The plot is great. It too is interwoven between times and personalities, from WWII to the modern internet highways that criss-cross the oceans of the world with their fibre-optic cables. I love Waterhouse (all of them) and who could not like Root and Rudi? My recommendation is to invest the time and effort in this and other Stephenson works. They repay the effort many times over.
As for the characterisations of William Dufris, I have to say they were outstanding. I thought I was going to hate the American twang, but his sense of the character was so good I found myself having to replay passages for my own enjoyment and to the entertainment of my unfortunate friends. One passage in particular, when Waterhouse does the algebra to solve his lack of sex, got a particular hammering (pardon the pun). Finally, can I just mention his range - male, female, American, Japanese, Swiss, backwoodsman, professor and every combination of these. Simply outstanding.
This wasn't just a good audio-book, it was a Tour de Force for the narrator, William Dufris. If you ever find a reader's attempts at different voices or accents cause to cringe, don't worry, this guy mostly nails it. As to the book itself, it's nothing short of epic in scope, spanning half a century, a good part of the planet, full of dire struggles, mayhem, heroes and bad guys. My question is, what has this guy (Stephenson) done with his life to be able to render so many different places, scenarios and characters in such vivid detail? On the other hand it is long, very, very long. I'm grateful that I was able to listen to it rather than read it, and I do have to admit that at times, it tired me. This tended to happen in some of the descriptive sections, which were at times perhaps a little too detailed. Plot-wise there were also one or two moments of discomfort for me. Don't let any of that put you off, plunge in, it's worth the effort, the rewards are definitely there, overall a great piece of work.
It took a little while to get into and sort out all of the characters and parallel storylines, however, it was worth it!
"Cryptonomicon" was long but the story was so complex that it seemed right (I even wanted the book to go on.)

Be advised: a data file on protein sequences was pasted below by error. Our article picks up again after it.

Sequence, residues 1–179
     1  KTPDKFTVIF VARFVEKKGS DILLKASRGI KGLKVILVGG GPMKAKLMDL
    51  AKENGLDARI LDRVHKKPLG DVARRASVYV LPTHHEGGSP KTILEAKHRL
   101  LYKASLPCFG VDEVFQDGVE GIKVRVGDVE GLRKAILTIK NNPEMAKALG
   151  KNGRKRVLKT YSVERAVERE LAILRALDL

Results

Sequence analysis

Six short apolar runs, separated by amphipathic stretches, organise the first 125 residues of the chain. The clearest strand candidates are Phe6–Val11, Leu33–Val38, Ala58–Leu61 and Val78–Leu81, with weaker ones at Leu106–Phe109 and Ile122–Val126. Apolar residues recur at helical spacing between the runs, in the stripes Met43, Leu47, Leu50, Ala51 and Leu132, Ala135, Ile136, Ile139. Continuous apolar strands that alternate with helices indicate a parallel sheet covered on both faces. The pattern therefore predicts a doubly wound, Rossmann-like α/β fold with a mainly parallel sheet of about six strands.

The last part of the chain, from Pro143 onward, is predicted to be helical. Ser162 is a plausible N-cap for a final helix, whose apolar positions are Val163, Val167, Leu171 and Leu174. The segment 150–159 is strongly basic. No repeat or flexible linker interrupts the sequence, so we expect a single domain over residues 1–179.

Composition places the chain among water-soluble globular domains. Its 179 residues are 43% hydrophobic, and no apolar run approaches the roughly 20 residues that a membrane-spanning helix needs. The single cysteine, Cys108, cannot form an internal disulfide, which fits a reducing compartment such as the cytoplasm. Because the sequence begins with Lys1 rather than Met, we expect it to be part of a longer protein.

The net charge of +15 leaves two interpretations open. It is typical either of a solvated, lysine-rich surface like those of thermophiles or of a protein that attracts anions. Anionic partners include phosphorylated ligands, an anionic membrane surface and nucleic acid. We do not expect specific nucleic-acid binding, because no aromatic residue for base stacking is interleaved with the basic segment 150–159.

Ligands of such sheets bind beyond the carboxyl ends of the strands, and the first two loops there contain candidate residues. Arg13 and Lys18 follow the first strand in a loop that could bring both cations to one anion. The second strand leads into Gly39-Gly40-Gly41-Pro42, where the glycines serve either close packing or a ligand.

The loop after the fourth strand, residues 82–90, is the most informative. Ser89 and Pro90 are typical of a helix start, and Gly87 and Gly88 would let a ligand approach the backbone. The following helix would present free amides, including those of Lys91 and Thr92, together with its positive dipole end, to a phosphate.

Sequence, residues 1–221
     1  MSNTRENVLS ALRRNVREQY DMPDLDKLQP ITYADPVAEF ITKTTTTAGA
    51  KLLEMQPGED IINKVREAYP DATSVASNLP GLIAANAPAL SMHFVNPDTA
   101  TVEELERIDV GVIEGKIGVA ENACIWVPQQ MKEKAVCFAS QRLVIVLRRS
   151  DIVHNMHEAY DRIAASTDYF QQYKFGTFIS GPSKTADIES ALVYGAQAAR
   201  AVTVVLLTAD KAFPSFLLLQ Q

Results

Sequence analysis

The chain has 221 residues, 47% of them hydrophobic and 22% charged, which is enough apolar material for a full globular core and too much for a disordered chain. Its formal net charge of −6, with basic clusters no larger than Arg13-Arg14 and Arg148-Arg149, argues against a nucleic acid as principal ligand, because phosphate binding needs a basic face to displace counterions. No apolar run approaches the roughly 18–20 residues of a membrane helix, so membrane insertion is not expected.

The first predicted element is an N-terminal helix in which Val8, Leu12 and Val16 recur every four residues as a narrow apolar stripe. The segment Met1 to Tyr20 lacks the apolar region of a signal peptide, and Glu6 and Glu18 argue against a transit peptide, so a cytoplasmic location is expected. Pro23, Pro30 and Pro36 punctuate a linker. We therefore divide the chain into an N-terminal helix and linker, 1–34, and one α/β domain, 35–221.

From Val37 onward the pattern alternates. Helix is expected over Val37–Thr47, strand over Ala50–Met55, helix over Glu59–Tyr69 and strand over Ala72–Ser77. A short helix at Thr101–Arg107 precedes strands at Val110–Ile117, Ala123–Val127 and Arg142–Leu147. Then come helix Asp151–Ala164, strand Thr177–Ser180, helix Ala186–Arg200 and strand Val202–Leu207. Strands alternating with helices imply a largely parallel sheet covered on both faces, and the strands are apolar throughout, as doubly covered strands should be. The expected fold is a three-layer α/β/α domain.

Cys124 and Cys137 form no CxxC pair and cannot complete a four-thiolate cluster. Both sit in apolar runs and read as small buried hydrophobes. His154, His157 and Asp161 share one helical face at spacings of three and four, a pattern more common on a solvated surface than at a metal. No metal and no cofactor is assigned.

Also, do not be intimidated by the math-y content of the book. The author does very well at describing complex number theory and cryptography in a way that is accessible.
I highly recomment this book.
(compared with the "Unabridged Excerpts"!)
Well worth the hefty price, well read and done. I have no qualms whatsoever spending good money on this version, as it was obviously the product of hard work and professional production.
The story-telling is engrossing, drawing the reader in bit-by-bit as the story unfolds. The combination of witty humor and detailed technical description will cause more than a few moments of inappropriate laughter and plenty of Google searches.
There are quite a few memorable moments, but the one for me is [SPOILER] the scene during the raid on the Ordo offices where Tombstone is held, seeing the combination gun toting anti-Government Intrusion Secret Admirers as well as nerds using an EMP cannon to confuse and screw with the police.[/SPOILER]
William Dufris brings the story to life. Not only pronouncing some of the more difficult completely made up languages, he gives each character life. It's less of a narration and more of a one-man radio play, complete with a great Douglas MacArthur voice.
I wasn't able to completely finish the book until a week long road trip where I could enjoy 8-10 hours of it at a time. It is a long, long book and very technical so it does require attention to be paid.
Read it, I don't think you'll be disappointed.
While I found the reader to be very good, the storyline is thin and the book much too long. It's not that it's bad, but the entertainment value per hour of listening is one of the lowest I have experienced. I cannot recommend this book.
I love this book and have read the print version 4-5 times. This isn't bad, but the narrator is jarringly glib, and doesn't change emotional gears all that well between the humorous parts and the more serious parts. Nor does he have enough mastery of accents or acting chops to clearly delineate the various characters from all over the world.
Granted, it's very challenging that way due to the scope of the book, but I wish Audible had looked a little further for a narrator that had more depth. Sorry, William Dufris. Haven't heard your other work, which may be great for all I know. But as someone who knows this book like the back of their hand, I don't think justice was done. I don't, in retrospect, feel this audio book was worth two credits. Probably would have been worth one. I should have popped for Anathem instead, maybe! Live and learn.